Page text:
By Jason Plautz
BOULDER, COLORADO—While the media is gripped with pictures of waters swallowing freeways and pouring into homes and offices in southeastern Texas, geoscientist Robert Brakenridge is waiting for images of his own.
Brakenridge directs the Dartmouth Flood Observatory at the University of Colorado in Boulder, which creates real-time maps of flooding events around the world. The lab, which he founded in 1993, uses satellite imagery to monitor changing water levels, and is experimenting with other methods—such as using satellite-based microwave sensors—to track river levels. Such efforts have not only helped identify areas that are prone to floods, but also can provide real-time help during emergencies, guiding responders away from impassable areas and toward people that need help.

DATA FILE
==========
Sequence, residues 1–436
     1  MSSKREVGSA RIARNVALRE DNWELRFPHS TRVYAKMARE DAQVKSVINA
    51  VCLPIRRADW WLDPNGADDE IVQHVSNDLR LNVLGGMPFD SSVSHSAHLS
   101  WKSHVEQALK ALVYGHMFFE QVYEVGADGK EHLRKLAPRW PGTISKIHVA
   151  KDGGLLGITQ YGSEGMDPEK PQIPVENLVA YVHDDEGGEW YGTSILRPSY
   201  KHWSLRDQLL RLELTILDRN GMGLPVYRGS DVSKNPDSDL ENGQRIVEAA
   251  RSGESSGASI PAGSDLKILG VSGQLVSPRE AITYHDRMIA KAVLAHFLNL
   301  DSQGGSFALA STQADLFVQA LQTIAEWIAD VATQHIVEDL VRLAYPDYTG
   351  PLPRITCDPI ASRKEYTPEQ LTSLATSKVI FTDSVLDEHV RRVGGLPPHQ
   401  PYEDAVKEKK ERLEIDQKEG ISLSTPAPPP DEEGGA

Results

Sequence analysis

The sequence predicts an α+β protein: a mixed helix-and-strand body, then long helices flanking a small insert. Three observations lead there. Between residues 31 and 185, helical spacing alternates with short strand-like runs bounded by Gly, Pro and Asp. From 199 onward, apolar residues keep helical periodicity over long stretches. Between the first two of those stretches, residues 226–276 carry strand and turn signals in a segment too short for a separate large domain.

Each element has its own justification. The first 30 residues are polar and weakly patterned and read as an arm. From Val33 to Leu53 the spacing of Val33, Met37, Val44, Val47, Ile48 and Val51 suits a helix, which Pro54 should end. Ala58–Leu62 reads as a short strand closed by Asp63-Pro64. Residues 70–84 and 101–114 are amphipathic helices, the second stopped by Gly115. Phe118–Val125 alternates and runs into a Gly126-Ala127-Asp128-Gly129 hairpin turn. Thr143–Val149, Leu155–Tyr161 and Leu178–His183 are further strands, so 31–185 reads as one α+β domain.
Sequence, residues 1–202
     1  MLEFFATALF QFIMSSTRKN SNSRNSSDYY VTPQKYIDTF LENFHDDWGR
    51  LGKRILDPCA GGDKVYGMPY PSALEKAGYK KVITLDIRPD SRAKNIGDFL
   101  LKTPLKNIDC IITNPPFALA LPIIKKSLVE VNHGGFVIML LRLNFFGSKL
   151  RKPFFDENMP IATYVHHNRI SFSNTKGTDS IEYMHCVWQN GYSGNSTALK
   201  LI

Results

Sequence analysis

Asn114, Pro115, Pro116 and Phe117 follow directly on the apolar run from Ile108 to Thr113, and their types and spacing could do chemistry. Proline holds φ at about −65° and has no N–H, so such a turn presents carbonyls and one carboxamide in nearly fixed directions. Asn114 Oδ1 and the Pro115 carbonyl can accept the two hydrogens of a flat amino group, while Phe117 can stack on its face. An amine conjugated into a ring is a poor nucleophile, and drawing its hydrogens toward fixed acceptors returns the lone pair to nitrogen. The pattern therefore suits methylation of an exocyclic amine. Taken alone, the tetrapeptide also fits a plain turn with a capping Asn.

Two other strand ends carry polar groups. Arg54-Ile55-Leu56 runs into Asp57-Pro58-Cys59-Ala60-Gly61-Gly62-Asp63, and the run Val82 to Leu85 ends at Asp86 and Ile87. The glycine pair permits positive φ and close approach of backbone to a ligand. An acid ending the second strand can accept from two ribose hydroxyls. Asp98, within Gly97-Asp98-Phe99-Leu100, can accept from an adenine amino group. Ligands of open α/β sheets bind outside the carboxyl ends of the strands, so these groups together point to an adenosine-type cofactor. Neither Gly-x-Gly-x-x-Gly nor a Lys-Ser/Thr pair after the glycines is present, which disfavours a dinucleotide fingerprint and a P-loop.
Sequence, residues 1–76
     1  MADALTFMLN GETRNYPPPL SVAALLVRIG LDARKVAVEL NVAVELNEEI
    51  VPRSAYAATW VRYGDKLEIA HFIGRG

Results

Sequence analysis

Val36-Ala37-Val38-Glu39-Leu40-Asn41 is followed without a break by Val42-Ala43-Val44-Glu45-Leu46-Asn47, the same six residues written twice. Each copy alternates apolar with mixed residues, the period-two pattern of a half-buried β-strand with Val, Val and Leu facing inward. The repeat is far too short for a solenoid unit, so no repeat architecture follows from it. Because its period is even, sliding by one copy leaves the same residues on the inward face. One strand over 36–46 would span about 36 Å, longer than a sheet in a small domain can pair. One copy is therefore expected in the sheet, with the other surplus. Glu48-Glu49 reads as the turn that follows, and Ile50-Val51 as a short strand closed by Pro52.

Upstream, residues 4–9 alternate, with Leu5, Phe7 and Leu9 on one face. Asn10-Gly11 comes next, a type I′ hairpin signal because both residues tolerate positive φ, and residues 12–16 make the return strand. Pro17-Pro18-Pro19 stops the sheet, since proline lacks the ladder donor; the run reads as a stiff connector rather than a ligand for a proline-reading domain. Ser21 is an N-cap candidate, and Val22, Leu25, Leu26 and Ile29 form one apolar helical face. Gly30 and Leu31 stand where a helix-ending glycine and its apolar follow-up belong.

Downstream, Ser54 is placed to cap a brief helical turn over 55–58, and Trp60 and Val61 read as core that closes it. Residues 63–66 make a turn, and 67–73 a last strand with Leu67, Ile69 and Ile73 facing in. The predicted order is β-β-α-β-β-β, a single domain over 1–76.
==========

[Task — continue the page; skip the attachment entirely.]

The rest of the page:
During past disasters, the lab has provided public maps and geospatial data that have been put to humanitarian use, and worked with the World Food Program to guide food delivery convoys. During Hurricane Harvey, the lab has been part of daily conference calls in which government agencies, researchers, and other groups share data on the storm and work to develop new and more useful maps.
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